SoulBreaths

God’s Story Lens: Beginnings within Beginnings [Part 2]

By SoulBreaths Author [ 1 year ago ]

 

God’s unfolding story thread. Genesis 1:1 is usually translated “In the beginning, God created.” But is it saying something more? Walk this way . . .

 

This series is related to a spiritual call (started in the early 90s) for me to walk a bridge—from the Judaic camp reaching out to the Messianic/Christian camp and then vice versa—crisscrossing it, realizing and later sharing who and what the real bridge is. Walk with me to discover God’s revelations and passionate plan for our souls.

 

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HIGHLY SUGGEST READING FIRST: Beginnings within Beginnings [Part 1]

 

READING TIME: 4 MINUTES.

 

Discussions—heated or otherwise—span the ages regarding the Genesis 1:1 wording, which is often translated “In the beginning, God created.” But considering a point of Hebraic grammar, is that what it’s really saying—and how does any of that fit into God’s redemption-focused story thread?

 

Some scholars and/or grammarians say those first words aren’t as traditionally translated. There’s no “the” in the Hebrew text. So they translate with a one-word shift: “In a beginning.”

 

A stirring literal translation on a gazillion levels. And how that ups the game on God’s story line. This in-a-beginning view has been discussed many times over the years at Torah study tables—and always sets my mind spinning in a thrilling, isn’t-God-amazing way.

 

Three other views help us branch that concept even further . . .
 
 

 
 

THE BEGINNINGS STORY THREAD: A FEW STEPS MORE

 

Stephen Rayburn points out in his 2009 “D’var Torah: Bereshit” article, that Rashi (esteemed medieval rabbi/Talmudic commentator) regarded the word b’reshit as a statement not about “the absolute beginning of everything” but when “God turned His attention to our own world.”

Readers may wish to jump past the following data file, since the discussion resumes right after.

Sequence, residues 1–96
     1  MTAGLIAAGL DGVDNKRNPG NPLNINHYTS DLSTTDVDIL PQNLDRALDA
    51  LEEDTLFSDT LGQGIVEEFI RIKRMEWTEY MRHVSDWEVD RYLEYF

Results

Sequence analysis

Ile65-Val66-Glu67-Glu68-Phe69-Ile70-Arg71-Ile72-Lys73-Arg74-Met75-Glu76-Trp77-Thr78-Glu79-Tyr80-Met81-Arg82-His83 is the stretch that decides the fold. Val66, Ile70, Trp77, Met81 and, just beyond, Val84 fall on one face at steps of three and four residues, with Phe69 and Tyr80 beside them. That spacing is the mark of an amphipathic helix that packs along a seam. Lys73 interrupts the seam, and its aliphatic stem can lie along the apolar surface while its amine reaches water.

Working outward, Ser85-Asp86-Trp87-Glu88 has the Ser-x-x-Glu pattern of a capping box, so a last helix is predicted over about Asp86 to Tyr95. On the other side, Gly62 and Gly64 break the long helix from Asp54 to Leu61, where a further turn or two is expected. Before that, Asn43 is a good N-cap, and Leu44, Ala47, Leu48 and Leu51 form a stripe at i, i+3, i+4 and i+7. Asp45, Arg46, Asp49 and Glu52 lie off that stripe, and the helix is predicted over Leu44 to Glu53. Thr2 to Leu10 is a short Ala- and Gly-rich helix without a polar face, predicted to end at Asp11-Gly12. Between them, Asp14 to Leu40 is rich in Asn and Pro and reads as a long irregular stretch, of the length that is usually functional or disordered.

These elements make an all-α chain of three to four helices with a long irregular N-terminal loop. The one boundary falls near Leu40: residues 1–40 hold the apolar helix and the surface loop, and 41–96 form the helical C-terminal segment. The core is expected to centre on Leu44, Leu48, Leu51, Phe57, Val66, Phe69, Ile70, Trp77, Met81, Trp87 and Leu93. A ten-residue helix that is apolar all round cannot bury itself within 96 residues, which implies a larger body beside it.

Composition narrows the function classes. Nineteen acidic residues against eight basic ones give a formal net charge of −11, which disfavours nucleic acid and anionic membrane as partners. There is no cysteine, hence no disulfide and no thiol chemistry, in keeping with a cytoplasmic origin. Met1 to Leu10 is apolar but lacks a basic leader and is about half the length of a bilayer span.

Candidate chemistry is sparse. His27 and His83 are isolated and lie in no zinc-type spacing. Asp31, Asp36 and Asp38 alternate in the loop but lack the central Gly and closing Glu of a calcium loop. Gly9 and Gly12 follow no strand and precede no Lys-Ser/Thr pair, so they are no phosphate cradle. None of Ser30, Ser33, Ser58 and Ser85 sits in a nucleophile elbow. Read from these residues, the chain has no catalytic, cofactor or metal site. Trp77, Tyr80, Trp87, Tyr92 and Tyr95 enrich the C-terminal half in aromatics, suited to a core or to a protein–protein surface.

Now add a point of biblical consistency—discussed in this two-minute Genesis 1:1 Hebrew grammar note—the construct in Genesis 1:1 (needing a noun) would be translated . . .

 

“In the (or a) beginning of God’s creating.”

 

And lastly, factor in this intriguing view from Rabbi Jeffrey W. Goldwasser . . .

 

Back in October 2011, Reb Jeff wrote in his blog post (“Bereshit: In the Beginning of What?”) a more illustrative translation based on the grammatical analysis and infusing spiritual innuendos of timelessness.

 

He says the “world never stopped being created” since it “has a beginning, but it is a beginning that has never ceased.”

 

Goldwasser’s Genesis 1:1 translation goes like this:

 

“In the beginning of the beginning that is always beginning, G-d created the creation that is still [beginning and creating].”

 

The Creator is always creating. He “rested” from His earth project but never really stopped creating—everything He creates is in a forward, unfolding, beginning-within-a-beginning motion. Contracting, reaching down, extending out . . . beginning anew.

 

God IS the beginning.
 

The One who has NO beginning.

 

Yet WITHIN HIM is the beginning within a beginning within a beginning.

 

Simply complex. Like that time thing in Part 1. Rattles the brain, right? Causes our souls to ponder the magnitude of His being. In light of creation alone, we’re talking about the mind-bending, humanly incomprehensible dunamis power of our holy God.

 
 

 
 

ON OUR HORIZON: MORE CREATION UNFOLDING

 

Since that Genesis 1:1 opening that underscores God’s unfolding redemptive creation story, He’s been birthing new things all the time—and will continue beyond our era, per His sovereign desire.

 

Here are a few “new beginnings” examples . . .